Mark Levin: Pelosi Had 'Key Role' in Gen. Milley's Undercutting of Trump's Military Authority


According to Fox News host Mark Levin, the Democrats are going to keep supporting Joint Chiefs of Staff head Gen. Mark Milley because they don’t want any backlash for House Speaker Nancy Pelosi.

In an appearance on Sean Hannity’s Fox News show Friday night, Levin said Pelosi played “a key role in” undermining civilian control of the military under former President Donald Trump via a call she made to Milley in the days after the Capitol incursion.

While the details of the call were disclosed for the first time in excerpts from Bob Woodward and Robert Costa’s forthcoming book “Peril,” Pelosi had announced the conversation shortly after it happened on Jan. 8, saying in a letter to House Democrats she’d discussed “precautions for preventing an unstable president from initiating military hostilities or accessing the launch codes and ordering a nuclear strike.”

CNN reported Woodward and Costa obtained a transcript of the call.

“What I’m saying to you is that if they couldn’t even stop him from an assault on the Capitol, who even knows what else he may do?” Pelosi, who is second in line for the presidency behind Vice President Kamala Harris, said during the call, according to the book. “And is there anybody in charge at the White House who was doing anything but kissing his fat butt all over this?

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“You know he’s crazy. He’s been crazy for a long time,” she added.

Milley reportedly responded, “Madam Speaker, I agree with you on everything.”

That’s why, Levin said, “the Democrat Party will do everything they can to run interference for Milley” when the Joint Chiefs head appears on Capitol Hill on Sept. 28.

“They’re running interference for Milley because they’re running interference for Nancy Pelosi. Nancy Pelosi has a key role in this,” he continued.

“There’s a telephone conversation between Nancy Pelosi and General Milley in which she — who is absolutely nuts — accuses the president of the time. Trump, of being crazy, talks about nuclear weapons, and Milley says he agrees with her completely.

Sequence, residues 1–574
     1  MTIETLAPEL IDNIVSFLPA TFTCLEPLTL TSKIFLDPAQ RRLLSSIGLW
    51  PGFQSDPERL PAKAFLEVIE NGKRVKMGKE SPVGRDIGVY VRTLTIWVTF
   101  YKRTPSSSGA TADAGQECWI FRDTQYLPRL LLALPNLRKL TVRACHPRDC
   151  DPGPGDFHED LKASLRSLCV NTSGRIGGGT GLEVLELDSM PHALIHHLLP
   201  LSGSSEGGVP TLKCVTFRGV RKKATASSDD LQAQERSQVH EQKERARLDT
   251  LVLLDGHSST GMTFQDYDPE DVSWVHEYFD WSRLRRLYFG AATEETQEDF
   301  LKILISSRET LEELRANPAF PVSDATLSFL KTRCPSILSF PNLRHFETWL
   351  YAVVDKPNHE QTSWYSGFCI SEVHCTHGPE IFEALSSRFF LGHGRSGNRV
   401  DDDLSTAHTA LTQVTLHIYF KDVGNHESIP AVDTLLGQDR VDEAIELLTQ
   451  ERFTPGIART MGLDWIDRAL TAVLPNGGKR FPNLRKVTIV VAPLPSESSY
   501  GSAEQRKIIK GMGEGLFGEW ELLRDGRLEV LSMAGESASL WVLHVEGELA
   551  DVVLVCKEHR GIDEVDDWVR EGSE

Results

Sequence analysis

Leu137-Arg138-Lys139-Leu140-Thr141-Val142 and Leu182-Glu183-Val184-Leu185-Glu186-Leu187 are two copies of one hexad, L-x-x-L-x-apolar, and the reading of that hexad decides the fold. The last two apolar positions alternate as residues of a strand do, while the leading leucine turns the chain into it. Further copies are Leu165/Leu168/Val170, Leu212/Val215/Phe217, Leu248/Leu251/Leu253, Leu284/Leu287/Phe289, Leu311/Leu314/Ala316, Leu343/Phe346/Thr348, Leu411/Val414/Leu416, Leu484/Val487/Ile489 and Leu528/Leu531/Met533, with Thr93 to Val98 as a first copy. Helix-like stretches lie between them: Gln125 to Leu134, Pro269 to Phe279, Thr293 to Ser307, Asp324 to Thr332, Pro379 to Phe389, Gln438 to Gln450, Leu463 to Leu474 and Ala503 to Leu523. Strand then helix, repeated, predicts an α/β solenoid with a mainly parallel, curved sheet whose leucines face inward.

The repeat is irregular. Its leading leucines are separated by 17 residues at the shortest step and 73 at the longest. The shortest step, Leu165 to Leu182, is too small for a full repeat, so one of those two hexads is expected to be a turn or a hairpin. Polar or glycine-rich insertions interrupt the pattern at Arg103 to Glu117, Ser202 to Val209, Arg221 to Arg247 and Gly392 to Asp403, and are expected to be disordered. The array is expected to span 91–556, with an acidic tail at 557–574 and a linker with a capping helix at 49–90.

“He goes back to the Pentagon, he calls in his subordinates and they talk about ‘what is our process?’ and ‘let’s go over it’ for using nuclear weapons,” Levin continued.

“President Trump never hinted ever about using nuclear weapons, there’s no basis for this whatsoever.

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“I might add, in a footnote, I don’t know who’s more loathsome, Milley, who is loathsome, or Woodward and Costa,” he continued.

“They sat on it for months and months when the American people should have known, when Congress should have known, and, of course, the people in the military should have known that we have a rogue general.”

Do you think Gen. Mark Milley committed treason?

While the exact order of events on Jan. 8 isn’t made explicit in reporting on the book, “Peril” reportedly makes it clear that Jan. 8 was a busy day for Gen. Milley and that much was precipitated by two conversations he had that day. One was with Pelosi and the other was with Gen. Li Zuocheng of the People’s Liberation Army, Milley’s counterpart in China.

The most damning allegation from “Peril” is from a previous, Oct. 30, 2020 conversation Milley reportedly had with Li in which he promised that if the United States was “going to attack [China], I’m going to call you ahead of time. It’s not going to be a surprise,” according to The Washington Post.